Illegal HFC trade: EIA calls for the implementation of a fully functional licensing system
As stressed in the March 2019 issue of the IIR Newsletter1, numerous air-conditioning and refrigeration industry stakeholders expressed concerns over the past months, alleging that “substantial amounts” of HFCs were being imported illegally into the EU. The report “Doors wide open - Europe’s flourishing illegal trade in hydrofluorocarbons (HFCs)”2 published in April 2019 by the Environmental Investigation Agency (EIA), corporate member of the IIR, provides additional information on this hot topic through two surveys.
EIA reports that more than 80% of companies surveyed were aware of, or suspected illegal HFC trade and 72% had seen or been offered refrigerants in illegal disposable cylinders. EIA’s analysis of European customs data indicates that bulk HFC imports in 2018 were too high for compliance with the 2018 quota. If EU-based HFC production and equipment authorisations are assumed to be at 2017 levels, the amount of HFCs placed on the market in 2018 would be 117.5 MtCO2e, some 16.3 MtCO2e above the available quota of 101.2 MtCO2e.
This could be characterised as open smuggling of HFCs (i.e. imports openly shipped through customs without quota). In addition, there is clearly some level of cross-border smuggling of HFCs, which is under the radar of customs authorities. EIA’s analysis also indicates a discrepancy between European customs data and HFC Registry data of at least 14.8 MtCO2e in 2017, equivalent to 8.7% of the 2017 quota. HFCs are being illegally imported in large and small containers, including in illegal disposable cylinders, and are sold on the market through various channels including web-based platforms.
Given the availability of cheap HFCs outside the EU, it is not surprising that much of the illegal trade is reported to be occurring at EU border countries. The current HFC reporting system does not allow customs authorities to determine whether HFC shipments are within quota or not, and a number of loopholes in the system allow unscrupulous traders to reap quick profits, exploiting a demand for cheap HFCs with little risk of punitive measures.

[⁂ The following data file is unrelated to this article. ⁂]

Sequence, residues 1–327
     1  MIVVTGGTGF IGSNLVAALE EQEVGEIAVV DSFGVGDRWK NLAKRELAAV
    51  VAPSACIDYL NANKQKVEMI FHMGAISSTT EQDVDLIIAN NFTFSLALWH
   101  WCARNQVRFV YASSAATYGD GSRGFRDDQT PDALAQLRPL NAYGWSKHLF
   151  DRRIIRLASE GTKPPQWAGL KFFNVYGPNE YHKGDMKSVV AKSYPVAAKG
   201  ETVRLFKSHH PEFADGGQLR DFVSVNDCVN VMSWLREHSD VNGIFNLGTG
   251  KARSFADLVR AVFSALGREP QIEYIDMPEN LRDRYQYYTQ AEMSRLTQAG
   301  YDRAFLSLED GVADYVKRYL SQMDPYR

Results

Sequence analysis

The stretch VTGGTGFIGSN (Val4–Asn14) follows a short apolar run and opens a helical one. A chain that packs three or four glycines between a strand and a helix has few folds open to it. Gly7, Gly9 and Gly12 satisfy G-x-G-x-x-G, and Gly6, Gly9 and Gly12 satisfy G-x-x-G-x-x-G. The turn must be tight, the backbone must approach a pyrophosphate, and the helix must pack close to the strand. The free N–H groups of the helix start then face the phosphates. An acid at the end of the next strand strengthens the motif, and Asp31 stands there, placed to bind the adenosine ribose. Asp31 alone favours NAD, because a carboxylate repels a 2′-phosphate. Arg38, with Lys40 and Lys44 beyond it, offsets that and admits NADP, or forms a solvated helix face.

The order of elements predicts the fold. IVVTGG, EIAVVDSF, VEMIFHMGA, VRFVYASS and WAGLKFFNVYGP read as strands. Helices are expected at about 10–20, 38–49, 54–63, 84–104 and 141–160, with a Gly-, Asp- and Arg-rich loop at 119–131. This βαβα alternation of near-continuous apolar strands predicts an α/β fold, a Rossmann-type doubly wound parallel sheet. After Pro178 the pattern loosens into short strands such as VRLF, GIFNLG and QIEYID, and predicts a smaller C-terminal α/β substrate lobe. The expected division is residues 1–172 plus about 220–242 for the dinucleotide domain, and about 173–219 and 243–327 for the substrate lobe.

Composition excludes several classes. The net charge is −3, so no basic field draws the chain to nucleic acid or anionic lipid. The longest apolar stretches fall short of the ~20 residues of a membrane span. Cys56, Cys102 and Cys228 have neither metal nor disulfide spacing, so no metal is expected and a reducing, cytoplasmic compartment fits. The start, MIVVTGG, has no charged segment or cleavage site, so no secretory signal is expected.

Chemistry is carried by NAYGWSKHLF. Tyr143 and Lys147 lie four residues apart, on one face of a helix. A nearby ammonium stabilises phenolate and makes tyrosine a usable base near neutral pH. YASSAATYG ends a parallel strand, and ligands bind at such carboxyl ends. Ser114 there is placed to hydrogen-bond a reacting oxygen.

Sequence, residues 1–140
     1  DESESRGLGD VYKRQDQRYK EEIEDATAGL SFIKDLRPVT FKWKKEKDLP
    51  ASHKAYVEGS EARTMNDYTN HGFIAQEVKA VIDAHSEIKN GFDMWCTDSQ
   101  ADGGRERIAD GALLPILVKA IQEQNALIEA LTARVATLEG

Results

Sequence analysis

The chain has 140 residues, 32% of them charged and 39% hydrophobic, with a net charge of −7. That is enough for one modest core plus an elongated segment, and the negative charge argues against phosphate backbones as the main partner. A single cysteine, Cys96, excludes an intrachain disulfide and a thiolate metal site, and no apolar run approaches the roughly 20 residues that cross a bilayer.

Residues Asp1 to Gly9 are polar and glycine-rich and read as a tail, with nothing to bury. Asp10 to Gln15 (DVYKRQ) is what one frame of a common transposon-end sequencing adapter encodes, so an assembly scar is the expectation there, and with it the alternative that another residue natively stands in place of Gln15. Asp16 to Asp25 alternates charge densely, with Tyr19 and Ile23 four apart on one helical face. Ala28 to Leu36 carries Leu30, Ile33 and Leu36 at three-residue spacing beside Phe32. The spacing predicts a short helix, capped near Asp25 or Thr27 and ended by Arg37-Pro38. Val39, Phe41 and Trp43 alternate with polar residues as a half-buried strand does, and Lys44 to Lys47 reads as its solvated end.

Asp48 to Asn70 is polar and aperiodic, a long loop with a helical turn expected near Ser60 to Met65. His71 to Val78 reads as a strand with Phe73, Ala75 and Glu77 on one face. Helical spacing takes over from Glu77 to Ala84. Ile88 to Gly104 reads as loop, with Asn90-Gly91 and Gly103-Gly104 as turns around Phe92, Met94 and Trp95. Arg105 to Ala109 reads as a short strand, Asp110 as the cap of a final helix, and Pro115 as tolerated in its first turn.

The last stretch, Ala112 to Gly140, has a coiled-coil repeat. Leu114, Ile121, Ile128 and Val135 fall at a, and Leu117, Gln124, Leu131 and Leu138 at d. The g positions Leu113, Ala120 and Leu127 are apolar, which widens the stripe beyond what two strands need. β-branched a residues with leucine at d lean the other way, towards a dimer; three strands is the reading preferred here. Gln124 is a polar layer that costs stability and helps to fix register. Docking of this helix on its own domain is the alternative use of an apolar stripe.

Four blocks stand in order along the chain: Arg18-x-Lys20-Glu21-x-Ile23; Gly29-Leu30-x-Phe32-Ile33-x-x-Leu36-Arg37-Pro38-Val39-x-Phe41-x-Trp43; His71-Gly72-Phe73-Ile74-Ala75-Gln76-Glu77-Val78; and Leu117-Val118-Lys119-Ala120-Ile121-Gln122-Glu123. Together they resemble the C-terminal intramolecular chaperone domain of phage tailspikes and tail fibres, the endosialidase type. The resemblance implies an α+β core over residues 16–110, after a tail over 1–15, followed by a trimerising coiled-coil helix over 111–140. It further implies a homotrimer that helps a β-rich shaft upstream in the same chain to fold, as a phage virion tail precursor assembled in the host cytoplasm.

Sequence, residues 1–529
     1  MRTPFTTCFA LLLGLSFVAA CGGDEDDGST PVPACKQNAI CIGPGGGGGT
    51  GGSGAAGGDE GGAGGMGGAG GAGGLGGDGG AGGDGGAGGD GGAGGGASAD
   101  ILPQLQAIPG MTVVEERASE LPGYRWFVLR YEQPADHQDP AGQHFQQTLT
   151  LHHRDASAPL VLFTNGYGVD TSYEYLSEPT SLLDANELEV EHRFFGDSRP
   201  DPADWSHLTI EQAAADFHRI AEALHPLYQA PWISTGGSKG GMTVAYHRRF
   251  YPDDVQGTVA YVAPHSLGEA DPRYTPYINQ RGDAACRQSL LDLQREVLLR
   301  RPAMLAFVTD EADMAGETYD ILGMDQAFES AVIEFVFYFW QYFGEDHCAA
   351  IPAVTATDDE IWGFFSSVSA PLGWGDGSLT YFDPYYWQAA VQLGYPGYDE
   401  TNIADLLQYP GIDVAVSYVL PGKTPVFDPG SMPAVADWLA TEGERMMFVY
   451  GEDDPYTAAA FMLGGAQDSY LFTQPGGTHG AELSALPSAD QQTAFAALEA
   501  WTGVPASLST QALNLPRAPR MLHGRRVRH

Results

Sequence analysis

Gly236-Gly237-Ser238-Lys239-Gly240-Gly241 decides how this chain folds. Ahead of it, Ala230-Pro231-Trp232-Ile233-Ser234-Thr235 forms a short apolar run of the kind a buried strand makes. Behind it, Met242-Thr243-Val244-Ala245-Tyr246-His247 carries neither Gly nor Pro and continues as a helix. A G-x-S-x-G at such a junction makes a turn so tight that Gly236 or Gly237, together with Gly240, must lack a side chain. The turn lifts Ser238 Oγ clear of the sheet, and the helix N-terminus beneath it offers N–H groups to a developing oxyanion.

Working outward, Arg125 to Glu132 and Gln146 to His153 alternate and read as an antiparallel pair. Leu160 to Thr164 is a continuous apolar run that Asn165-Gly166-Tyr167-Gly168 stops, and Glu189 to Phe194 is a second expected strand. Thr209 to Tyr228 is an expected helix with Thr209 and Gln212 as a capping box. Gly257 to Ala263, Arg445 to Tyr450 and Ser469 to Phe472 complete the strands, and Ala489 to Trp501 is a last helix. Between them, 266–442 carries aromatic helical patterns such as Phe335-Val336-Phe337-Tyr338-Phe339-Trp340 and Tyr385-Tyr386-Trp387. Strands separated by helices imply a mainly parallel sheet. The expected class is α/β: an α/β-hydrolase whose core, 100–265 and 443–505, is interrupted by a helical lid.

EIA concludes that continued availability of HFCs outside the HFC phase-down schedule will hinder the uptake of climate-friendly technologies and ultimately threaten the success of the EU F-gas Regulation and the EU’s climate goals. Furthermore, it significantly reduces government income and the profits of legitimate businesses. Future quota cuts will be difficult to meet unless the transition to low-GWP alternatives is accelerated.
EIA recommendations to tackle the illegal trade for HFCs include improving reporting and monitoring of HFCs from exporting countries, as well as introducing a revised and fully functional licensing system for customs officials to determine the legality of any shipments of such products.
Changes to legislation that would prohibit use of disposable cylinders and the establishment of a system to compare official EU F-Gas data with international customs information is also backed by the EIA.